Impact of Land-Use Change and Climate Variability on Soil Hydrologic Processes in the Upper Oum Er Rabia River Basin, Morocco
MetadataShow full item record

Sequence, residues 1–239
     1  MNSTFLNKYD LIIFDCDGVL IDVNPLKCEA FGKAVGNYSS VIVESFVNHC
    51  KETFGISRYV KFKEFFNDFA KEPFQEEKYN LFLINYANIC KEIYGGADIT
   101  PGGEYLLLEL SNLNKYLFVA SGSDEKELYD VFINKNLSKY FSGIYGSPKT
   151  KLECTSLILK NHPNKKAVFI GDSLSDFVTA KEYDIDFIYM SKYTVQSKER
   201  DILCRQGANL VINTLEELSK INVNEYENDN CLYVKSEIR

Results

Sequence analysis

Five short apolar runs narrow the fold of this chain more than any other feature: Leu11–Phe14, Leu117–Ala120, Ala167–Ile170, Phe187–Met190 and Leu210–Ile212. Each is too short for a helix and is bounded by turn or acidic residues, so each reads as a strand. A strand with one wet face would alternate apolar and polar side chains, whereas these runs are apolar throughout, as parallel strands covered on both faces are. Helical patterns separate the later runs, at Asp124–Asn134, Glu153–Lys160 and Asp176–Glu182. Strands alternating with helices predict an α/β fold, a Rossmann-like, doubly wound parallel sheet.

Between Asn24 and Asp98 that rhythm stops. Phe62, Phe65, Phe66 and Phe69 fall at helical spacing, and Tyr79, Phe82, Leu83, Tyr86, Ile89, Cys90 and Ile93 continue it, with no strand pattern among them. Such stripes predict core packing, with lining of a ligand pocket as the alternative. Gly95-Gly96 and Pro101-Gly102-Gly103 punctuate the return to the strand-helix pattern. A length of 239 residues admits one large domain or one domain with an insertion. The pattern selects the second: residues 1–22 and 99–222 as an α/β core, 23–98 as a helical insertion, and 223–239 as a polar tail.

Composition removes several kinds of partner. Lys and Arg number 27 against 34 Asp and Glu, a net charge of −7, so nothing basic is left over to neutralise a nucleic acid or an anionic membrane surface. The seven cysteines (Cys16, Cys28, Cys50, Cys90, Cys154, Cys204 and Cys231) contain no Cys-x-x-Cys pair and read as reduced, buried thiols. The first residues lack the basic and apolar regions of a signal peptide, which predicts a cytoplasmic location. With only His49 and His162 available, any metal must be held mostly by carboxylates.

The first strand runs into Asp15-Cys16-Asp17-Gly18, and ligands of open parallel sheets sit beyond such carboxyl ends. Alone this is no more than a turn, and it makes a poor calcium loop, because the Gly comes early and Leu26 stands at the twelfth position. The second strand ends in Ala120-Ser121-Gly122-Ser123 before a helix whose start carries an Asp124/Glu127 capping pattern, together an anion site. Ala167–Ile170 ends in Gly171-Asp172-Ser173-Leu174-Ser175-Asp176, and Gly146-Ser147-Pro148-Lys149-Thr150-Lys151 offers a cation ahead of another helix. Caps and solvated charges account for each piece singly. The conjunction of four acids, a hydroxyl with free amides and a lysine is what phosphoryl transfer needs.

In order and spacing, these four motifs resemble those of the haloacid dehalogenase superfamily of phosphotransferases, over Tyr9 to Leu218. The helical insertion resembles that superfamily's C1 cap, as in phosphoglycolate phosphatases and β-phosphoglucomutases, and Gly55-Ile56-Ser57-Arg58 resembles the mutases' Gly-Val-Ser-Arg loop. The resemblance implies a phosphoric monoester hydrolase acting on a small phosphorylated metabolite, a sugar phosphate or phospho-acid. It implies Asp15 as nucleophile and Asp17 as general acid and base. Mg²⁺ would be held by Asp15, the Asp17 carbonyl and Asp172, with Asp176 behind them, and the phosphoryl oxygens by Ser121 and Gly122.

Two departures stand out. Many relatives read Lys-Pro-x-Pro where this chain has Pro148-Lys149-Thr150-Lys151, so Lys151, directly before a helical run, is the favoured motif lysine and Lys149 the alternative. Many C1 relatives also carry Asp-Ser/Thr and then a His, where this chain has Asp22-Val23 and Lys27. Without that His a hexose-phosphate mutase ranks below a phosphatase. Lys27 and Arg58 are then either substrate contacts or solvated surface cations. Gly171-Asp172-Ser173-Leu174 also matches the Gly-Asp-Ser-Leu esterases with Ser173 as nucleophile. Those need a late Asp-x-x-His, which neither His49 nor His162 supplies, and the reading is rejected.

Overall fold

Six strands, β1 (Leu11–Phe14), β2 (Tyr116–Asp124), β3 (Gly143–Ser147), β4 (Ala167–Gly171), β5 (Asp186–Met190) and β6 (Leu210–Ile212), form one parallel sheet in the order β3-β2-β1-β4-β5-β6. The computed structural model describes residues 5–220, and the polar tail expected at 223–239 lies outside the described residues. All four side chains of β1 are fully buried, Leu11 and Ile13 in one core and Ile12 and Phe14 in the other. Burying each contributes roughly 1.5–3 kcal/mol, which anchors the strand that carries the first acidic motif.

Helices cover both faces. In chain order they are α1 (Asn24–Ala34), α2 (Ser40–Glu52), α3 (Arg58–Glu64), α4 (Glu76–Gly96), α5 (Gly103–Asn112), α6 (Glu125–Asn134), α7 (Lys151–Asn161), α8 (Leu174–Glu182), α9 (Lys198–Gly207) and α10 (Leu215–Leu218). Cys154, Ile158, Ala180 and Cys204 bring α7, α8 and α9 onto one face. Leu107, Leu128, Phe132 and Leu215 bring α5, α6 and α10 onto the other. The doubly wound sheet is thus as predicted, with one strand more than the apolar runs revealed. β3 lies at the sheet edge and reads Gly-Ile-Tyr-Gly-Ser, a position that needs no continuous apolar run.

Given Morocco’s per capita water availability, basin hydrologic modelling can sustainably help in: planning for the anthropogenic actions and varying climate effect on scarce water resources; reviving ecologically sensitive areas; and ascertaining the river basin’s water and power supply capacity to the region and the country. Previous works within the Upper Oum Er Rabia (UOER) watershed focused on the river’s potential pollutants sources, precipitation trend and climate change scenarios analysis, impact of land use and climate change on soil fertility. There are no hydrologic studies evaluating the combined impacts of land use and climate variability within the watershed and thus affecting water allocation among competing users. This research aimed at investigating and evaluating land use change and climate variability influence on soil hydrological processes using the Hydrologic Engineering Center’s Hydrologic Modeling System (HEC-HMS). The study area is UOER watershed (1049 km2) where unsustainable land uses have impacted the watershed’s capacity to regulate flow thus impacting water availability especially to the main dams within the basin. This work presents model development using HEC-HMS for event-based and continuous-process simulation of the UOER watershed. The use of HEC-GeoHMS facilitated the digital data processing for coupling with the model. The basin’s physical characteristics and the hydro-climatic data helped to generate a geospatial database for HECHMS model. Modelling (calibration and validation) focused on reproducing daily-observed runoff hydrographs for the 1980-2011 period using the SCS Curve Number and the Soil Moisture Accounting (SMA) loss methods. SMA was coupled with the Hargreaves evapotranspiration method. To evaluate the model performance for both calibration and validation, the Coefficient of determination (R2), Nash-Sutcliffe efficiency (NSE), Root Mean Square Error (RSR) and Percent Bias (PBIAS) criteria were exploited. The average calibration NSE values were 0.740 and 0.585 for event-based (daily) and continuous-process (annual) respectively. The R2, RSR and PBIAS values were 0.624, 0.634 and +16.7 respectively. This is rated as good performance besides the validation simulations were satisfactory for subsequent hydrologic analyses. It was concluded that the basin’s hydrologic behavior due to land use change and climate variability is significant to both positive and negative scenarios. The results give an insight into the land use implications and can guide in developing ecologically sound watershed management and development strategies.